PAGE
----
Andrew Lambert


Full Fellow
Ph.D. Candidate in Electrical Engineering

Andrew Lambert speaks candidly of the impact of the GEM Fellowship on his graduate career in electrical engineering: “If it weren’t for GEM, I pretty much wouldn’t be here.” Lambert is one of five UW–Madison students to win competitive fellowships from the GEM Consortium, which pairs universities and national employers to advance the careers of talented graduate students from underrepresented groups in engineering and applied sciences. As an applicant, Andrew caught the attention of Intel Corporation, whose sponsorship gained the attention of graduate programs in turn. For Full Fellows like Lambert, industry sponsorship enhances academic success while laying groundwork for promising careers.

As Lambert explains it, his overall goal is to “optimize technology through hardware.” In college, this aim entailed studying resistors both within and beyond the classroom in an internship working on speaker devices. Now, as a first-year master’s student, he focuses on microelectronics within cell phones, as well as quantum computing. Developments in these fields depend on interdisciplinary work, and UW–Madison appealed to Lambert for precisely this reason. Although he calls the Department of Electrical & Computer Engineering home, Lambert works closely with Professor Robert McDermott in the Department of Physics.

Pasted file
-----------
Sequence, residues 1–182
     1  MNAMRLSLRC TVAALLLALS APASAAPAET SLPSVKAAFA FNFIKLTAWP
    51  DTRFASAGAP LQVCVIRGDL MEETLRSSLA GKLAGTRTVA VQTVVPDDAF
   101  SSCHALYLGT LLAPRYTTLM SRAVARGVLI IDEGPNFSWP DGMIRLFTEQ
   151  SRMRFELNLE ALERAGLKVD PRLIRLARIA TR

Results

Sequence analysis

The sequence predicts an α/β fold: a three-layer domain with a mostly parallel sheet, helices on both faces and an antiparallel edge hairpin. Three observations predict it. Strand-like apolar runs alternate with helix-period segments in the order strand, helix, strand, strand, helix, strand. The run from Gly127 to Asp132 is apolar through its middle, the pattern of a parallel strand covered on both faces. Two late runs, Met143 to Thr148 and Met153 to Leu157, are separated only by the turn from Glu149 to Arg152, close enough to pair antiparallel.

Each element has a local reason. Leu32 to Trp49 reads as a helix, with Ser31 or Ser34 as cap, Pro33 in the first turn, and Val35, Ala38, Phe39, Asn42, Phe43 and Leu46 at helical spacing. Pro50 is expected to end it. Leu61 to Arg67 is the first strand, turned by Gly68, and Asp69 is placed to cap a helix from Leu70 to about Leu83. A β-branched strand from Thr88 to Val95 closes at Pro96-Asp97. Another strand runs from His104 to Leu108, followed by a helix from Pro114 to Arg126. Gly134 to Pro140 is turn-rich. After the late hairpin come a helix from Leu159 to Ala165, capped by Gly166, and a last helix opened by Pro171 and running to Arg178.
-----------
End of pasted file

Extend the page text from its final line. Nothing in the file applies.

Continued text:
Before beginning his degree, Lambert completed an internship at Intel last summer as part of his GEM Fellowship package. He does not mince words in assessing its importance, declaring it “the best internship experience I’ve had – so far.” Next summer, Lambert returns to Oregon for a second internship at Intel, working in a new division that reflects the direction of his research. Would he return to Intel after completing his master’s and Ph.D.? Without question. As Lambert points out, researchers there are committed to pursuing his own personal aspiration: building the best possible quantum computer.

Patrick Cervantes


Associate Fellow
Ph.D. Candidate in Cellular and Molecular Biology

Patrick Cervantes began college as a kinesiology major, but green fluorescent proteins (GFPs) dramatically changed his course. When a professor invited him to participate in a hands-on biotechnology program, Cervantes accepted, launching into experiments using GFPs to explore DNA cloning and protein expression. From then on, he was “hooked” on research. Today, Cervantes is a GEM Associate Fellow and a second year Ph.D. student in Medical Microbiology and Immunology and the graduate program in Cellular and Molecular Biology.